Arik Hesseldahl

Recent Posts by Arik Hesseldahl

Downgrades Aplenty for Dell After Earnings Miss

A day after Dell reported quarterly earnings that fell 18 percent, analysts are slashing their ratings on its stock today, which opened lower by nearly 7 percent as markets opened in New York.

Dell’s earnings were 51 cents and missed the consensus of analysts by a penny; the company also said that revenue would decline by 7 percent in the current quarter. In a note to clients today, Shaw Wu of Sterne Agee dropped his rating to “underperform,” the equivalent of a “sell,” arguing that Dell’s PC business continues to suffer at the competitive hands of Apple, Acer and rejuvenated Hewlett-Packard. “We are concerned with the company’s longer-term fundamental position and may face more difficulty making further operational improvements,” Wu wrote.

Richard Kugele, of Needham and Co. in New York, downgraded Dell to a “hold” from a “buy.” Rich Gardner of Citigroup also cut his rating to “hold” and dropped his target price to $19 from $20, citing declining prospects for improvements to Dell’s gross margin in the current quarter.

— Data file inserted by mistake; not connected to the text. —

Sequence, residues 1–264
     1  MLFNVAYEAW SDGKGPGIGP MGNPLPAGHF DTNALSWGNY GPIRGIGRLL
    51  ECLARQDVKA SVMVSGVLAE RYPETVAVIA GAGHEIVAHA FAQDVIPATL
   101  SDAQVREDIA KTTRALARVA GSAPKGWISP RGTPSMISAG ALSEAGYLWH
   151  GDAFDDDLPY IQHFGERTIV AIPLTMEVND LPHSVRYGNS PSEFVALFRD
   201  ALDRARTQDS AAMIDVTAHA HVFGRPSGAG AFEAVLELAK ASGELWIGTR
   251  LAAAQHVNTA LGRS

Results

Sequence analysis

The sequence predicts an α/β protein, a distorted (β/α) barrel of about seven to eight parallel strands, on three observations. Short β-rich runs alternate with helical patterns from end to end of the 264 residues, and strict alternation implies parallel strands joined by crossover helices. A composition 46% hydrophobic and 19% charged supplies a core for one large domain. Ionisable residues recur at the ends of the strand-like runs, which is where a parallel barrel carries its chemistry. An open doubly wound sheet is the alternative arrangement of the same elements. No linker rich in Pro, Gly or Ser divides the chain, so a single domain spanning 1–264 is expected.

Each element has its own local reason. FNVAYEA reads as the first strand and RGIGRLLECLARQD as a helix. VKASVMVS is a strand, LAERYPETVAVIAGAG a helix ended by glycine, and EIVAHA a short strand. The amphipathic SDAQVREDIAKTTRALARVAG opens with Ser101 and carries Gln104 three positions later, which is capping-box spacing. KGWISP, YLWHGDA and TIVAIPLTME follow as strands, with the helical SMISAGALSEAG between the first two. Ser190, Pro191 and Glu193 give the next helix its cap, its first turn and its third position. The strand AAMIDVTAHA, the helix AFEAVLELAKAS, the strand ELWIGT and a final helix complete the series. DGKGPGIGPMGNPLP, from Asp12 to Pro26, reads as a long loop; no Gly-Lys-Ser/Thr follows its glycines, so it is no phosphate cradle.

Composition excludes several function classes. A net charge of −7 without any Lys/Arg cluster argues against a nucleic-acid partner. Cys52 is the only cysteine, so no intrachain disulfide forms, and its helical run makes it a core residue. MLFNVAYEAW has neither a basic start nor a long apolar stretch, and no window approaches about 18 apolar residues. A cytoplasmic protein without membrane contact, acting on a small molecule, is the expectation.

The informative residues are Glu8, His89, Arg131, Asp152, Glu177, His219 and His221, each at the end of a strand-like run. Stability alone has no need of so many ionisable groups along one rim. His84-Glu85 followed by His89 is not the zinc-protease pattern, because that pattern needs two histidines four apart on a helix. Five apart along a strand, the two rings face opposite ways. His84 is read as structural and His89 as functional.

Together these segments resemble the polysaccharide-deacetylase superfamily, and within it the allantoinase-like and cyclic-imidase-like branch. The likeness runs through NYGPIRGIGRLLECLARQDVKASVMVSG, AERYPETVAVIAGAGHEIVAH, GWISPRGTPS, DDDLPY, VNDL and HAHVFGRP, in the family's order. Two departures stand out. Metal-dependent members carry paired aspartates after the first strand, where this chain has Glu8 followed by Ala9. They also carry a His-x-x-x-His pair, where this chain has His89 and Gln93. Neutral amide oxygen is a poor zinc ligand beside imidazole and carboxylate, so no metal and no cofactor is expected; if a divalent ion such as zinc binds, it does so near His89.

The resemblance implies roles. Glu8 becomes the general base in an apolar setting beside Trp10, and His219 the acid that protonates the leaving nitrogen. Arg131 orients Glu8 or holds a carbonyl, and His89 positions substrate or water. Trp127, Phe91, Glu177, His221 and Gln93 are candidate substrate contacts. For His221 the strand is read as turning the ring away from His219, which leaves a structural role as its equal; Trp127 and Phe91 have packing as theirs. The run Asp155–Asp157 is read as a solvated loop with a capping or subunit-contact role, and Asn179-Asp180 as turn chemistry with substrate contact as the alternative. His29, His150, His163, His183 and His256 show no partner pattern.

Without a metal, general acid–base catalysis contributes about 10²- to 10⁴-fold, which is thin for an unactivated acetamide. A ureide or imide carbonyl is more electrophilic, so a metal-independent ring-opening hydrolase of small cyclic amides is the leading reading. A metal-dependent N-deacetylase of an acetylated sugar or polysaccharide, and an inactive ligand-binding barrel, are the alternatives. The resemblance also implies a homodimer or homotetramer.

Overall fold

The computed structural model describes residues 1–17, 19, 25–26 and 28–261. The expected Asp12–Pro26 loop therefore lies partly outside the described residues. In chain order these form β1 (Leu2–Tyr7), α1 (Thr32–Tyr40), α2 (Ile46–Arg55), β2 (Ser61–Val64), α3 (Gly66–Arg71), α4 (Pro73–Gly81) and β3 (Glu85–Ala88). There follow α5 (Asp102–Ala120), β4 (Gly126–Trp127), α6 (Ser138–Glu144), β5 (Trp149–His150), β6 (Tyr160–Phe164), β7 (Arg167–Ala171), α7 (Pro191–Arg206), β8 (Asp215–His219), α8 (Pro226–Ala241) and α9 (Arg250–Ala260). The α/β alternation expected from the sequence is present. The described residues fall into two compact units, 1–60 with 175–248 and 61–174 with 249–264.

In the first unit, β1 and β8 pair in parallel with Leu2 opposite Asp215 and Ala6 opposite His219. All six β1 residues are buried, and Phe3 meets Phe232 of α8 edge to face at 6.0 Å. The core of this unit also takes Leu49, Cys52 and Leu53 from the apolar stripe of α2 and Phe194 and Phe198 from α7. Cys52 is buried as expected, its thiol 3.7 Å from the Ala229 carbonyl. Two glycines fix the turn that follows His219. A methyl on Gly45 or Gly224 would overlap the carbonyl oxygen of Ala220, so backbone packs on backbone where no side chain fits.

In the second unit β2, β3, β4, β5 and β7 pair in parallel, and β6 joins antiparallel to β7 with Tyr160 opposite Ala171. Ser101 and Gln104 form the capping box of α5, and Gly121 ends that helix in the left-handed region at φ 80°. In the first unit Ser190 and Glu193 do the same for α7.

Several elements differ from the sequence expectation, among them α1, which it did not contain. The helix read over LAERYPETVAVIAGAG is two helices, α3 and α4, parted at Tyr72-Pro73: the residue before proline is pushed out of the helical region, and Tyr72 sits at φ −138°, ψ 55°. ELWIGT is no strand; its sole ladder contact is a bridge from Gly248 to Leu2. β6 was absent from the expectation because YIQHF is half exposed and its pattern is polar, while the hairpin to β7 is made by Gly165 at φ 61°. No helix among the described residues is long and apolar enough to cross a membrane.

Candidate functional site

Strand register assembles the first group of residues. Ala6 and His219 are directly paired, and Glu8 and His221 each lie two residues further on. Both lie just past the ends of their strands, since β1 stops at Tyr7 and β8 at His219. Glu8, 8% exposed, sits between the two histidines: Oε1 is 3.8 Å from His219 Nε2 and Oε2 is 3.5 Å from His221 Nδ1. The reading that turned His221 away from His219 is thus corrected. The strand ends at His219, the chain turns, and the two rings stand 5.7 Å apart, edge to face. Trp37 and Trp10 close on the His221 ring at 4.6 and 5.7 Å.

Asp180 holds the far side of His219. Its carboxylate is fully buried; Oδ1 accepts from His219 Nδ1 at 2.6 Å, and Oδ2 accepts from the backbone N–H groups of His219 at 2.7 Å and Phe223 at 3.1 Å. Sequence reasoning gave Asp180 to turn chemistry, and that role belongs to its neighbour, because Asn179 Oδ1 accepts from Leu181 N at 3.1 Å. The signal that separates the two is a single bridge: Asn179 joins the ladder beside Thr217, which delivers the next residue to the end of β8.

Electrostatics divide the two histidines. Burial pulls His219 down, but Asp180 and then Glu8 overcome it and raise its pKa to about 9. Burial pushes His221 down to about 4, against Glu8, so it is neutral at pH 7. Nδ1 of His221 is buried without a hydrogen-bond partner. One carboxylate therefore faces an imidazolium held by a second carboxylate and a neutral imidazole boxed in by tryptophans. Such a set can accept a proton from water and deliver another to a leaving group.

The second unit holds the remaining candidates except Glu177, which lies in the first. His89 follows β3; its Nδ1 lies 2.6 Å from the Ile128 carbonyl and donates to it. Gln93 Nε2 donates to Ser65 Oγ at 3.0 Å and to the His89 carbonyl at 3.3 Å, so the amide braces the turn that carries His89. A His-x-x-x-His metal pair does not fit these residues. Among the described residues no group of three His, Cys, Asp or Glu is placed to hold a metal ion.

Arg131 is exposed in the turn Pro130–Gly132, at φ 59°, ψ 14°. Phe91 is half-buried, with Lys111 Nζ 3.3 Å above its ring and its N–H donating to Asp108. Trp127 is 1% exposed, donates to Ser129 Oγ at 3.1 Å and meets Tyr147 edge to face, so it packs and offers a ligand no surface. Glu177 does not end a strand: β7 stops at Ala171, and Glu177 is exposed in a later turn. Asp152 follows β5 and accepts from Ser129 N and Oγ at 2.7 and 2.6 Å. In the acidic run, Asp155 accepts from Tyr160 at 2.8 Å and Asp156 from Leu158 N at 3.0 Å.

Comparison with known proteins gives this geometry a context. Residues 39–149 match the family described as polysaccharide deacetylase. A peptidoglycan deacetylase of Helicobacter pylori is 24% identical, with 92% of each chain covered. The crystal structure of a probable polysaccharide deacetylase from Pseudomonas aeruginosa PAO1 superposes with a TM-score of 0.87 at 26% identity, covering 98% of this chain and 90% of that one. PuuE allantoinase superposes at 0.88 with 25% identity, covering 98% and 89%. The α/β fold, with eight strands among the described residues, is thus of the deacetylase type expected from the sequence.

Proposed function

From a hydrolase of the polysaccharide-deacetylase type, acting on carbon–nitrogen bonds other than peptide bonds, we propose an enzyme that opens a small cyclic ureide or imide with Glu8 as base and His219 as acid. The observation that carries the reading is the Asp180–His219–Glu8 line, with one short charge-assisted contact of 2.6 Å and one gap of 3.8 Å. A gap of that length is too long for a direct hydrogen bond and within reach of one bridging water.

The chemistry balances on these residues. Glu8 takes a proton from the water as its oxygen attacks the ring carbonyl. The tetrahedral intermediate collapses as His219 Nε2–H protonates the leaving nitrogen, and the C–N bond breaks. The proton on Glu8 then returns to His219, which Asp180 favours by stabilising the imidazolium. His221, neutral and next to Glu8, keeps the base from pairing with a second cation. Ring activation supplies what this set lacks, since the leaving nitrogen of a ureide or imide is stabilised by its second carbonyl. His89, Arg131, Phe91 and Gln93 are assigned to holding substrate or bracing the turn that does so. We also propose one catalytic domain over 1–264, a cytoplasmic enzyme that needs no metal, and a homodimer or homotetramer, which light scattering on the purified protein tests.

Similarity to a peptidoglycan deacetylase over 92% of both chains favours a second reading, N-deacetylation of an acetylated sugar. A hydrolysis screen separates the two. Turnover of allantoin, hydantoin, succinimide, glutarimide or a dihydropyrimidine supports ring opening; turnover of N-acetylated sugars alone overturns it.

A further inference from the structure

But the chorus of analysts wasn’t all negative. Chris Whitmore of Deutsche Bank, who last week suggested that, all things considered, Dell’s results might turn out “pretty good,” saw it differently. He blamed the ongoing shortage of hard drives brought on by last year’s flooding in Thailand and weak public sector buying, and still finds Dell attractive. The shortage, he says, was the primary reason that Dell’s gross margins — which came in at 21.7 percent — missed estimates. “Gross margins were light due to negative hard drive impact — shortages hampered the ability to sell richer high-end systems — and soft public sector results,” Whitmore wrote in a note to clients today. He maintained his “buy” rating.

Brian Marshall of ISI maintained his “neutral” rating. He wrote in a note today that Dell’s plan of shifting its revenue base away from consumer and business PCs and toward higher-value enterprise IT, software and services is going to take years. “We believe changing the composition of a $60 billion revenue base is non-trivial and takes years not quarters to successfully navigate. [We’re] still scratching our heads on how earnings per share grows in 2012. … In the face of flat revenues, declining gross margins and continued operational expense growth, we struggle on how EPS will be up in 2012. We like the plan, just not the set-up.”

(Michael Dell photo by Asa Mathat)

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Just as the atom bomb was the weapon that was supposed to render war obsolete, the Internet seems like capitalism’s ultimate feat of self-destructive genius, an economic doomsday device rendering it impossible for anyone to ever make a profit off anything again. It’s especially hopeless for those whose work is easily digitized and accessed free of charge.

— Author Tim Kreider on not getting paid for one’s work